Large language models (LLMs) have the potential to improve healthcare due to their capability to parse complex concepts and generate appropriate responses. LLMs have demonstrated proficiency in tasks across the spectrum of clinical activity, such as medical inquiry responses, dialogue systems, and the synthesis and completion of clinical reports1,2,3,4,5. One potential high-value area for LLMs is the ability to promote evidence-based practice through providing clinical decision support systems (CDSSs) according to current medical guidelines, which are distillations of both expert opinion and current evidence from clinical trials and are used to drive improvements in patient outcomes through best practices6,7.

LLMs have enjoyed wide public uptake, especially OpenAI’s ChatGPT (, which enrolled over 100 million users within two months of its release8,9. The widespread use of ChatGPT allowed simple and user-friendly use of generative artificial intelligence for real-life scenarios and academic research. However, a primary concern for LLMs application in healthcare is the potential risk of inaccurate responses (e.g., “hallucinations”) that may lead to patient harm10. In clinical applications, a proposed framework for utilizing LLMs is based on adherence to the three principles of Honesty, Helpfulness, and Harmlessness (the HHH principle)11. To align LLMs to the HHH principle, specific strategies must be undertaken to bind their responses to a specific set of domain knowledge, such as retrieval augmented generation (RAG)12 or supervised fine-tuning (SFT) followed by Reinforcement Learning with Human Feedback (RLHF)13. Both RAG and SFT guide output generation according to a domain-specific dataset of information that, for clinical applications, could be represented by medical guidelines. However, the format of clinical guidelines is subject to broad variations (e.g., general structure, location of recommendations, table format, and flowcharts) that can affect the proper interpretation or retrieval of relevant information.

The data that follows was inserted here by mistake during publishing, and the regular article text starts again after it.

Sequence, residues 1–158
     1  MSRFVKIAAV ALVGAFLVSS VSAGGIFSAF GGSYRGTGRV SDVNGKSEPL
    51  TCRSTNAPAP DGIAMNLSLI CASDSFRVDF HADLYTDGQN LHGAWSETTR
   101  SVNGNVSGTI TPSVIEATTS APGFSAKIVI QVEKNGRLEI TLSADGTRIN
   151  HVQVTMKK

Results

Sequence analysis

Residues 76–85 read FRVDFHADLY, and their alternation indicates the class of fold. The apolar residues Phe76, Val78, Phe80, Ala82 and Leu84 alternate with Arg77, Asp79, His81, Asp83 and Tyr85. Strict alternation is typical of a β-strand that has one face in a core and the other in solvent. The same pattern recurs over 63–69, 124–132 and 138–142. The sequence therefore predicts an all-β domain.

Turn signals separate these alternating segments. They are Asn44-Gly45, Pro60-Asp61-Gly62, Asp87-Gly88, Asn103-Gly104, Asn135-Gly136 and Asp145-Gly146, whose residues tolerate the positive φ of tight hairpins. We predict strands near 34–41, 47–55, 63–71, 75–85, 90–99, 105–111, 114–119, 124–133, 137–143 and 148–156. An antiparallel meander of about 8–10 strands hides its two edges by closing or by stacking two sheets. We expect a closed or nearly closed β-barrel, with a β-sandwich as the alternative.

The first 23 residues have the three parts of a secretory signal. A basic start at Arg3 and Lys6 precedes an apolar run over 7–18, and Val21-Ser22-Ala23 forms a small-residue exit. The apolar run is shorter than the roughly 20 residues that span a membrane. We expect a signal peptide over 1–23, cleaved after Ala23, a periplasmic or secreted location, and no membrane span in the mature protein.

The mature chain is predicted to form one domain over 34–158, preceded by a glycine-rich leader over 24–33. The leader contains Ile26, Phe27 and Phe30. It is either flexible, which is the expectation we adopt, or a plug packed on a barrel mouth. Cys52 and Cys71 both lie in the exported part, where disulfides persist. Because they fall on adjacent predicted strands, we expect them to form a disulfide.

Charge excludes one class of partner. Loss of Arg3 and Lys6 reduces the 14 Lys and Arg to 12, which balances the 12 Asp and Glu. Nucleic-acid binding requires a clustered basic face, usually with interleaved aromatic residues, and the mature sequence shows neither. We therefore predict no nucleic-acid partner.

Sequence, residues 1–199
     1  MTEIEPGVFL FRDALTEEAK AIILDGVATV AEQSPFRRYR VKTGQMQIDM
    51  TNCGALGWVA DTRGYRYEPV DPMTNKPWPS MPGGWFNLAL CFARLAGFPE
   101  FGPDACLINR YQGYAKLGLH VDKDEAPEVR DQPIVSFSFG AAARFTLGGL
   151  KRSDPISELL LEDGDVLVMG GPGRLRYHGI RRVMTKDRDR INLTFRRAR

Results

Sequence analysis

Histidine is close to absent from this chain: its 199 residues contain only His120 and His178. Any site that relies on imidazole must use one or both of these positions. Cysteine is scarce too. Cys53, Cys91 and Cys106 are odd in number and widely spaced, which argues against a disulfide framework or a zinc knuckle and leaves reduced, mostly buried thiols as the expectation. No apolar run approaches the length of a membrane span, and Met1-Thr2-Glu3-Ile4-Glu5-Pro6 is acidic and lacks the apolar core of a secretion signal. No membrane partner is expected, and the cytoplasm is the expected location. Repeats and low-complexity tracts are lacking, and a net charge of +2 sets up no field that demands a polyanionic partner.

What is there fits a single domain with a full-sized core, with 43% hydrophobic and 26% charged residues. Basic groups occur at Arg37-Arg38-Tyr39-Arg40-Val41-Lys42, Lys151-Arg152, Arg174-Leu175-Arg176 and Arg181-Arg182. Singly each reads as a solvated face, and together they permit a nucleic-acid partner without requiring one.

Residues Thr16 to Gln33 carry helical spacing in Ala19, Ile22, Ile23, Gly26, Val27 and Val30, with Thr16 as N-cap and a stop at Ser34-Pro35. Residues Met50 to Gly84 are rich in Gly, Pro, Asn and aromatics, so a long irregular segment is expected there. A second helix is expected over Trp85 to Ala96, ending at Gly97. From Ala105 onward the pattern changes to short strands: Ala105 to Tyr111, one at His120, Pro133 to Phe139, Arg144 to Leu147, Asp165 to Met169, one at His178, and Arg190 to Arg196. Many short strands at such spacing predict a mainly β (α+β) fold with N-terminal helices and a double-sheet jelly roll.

While the integration of LLMs in healthcare shows promise, the challenge of ensuring accurate interpretation of clinical guidelines becomes particularly relevant in the context of managing widespread chronic diseases such as Hepatitis C Virus (HCV) infection. New antiviral therapies successfully eradicate the disease, with multiple regimens demonstrating >90% efficacy and effectiveness14. HCV management has been codified in multiple guidelines that distill the results from the available randomized controlled trials to recommend best practices in chronic HCV diagnosis and treatment. However, adherence to guidelines ranges from 36–54% for screening and managing chronic HCV infection15,16. There is a need for scalable and reliable solutions to provide guideline-recommended care and bridge the gap in adherence, especially considering the World Health Organization’s goal to eliminate Hepatitis C by 203017.